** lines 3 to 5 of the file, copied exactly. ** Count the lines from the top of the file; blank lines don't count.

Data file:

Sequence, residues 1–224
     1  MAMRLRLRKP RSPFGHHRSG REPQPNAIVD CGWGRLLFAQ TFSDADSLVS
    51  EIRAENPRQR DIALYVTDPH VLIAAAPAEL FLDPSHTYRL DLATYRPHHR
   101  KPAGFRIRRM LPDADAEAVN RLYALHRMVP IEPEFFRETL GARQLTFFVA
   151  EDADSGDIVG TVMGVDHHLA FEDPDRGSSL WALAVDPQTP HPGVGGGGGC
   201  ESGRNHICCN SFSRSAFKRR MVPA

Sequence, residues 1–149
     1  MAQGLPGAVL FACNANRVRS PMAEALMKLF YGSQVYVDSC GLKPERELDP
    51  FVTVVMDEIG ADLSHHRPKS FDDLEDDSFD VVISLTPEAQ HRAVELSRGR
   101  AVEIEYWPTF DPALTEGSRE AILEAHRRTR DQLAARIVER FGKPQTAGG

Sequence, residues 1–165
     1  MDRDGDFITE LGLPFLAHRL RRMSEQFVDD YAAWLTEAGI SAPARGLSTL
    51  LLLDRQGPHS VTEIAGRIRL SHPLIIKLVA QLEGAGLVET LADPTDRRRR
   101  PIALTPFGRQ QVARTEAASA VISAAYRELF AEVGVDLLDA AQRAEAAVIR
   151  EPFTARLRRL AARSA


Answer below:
    51  EIRAENPRQR DIALYVTDPH VLIAAAPAEL FLDPSHTYRL DLATYRPHHR
   101  KPAGFRIRRM LPDADAEAVN RLYALHRMVP IEPEFFRETL GARQLTFFVA
   151  EDADSGDIVG TVMGVDHHLA FEDPDRGSSL WALAVDPQTP HPGVGGGGGC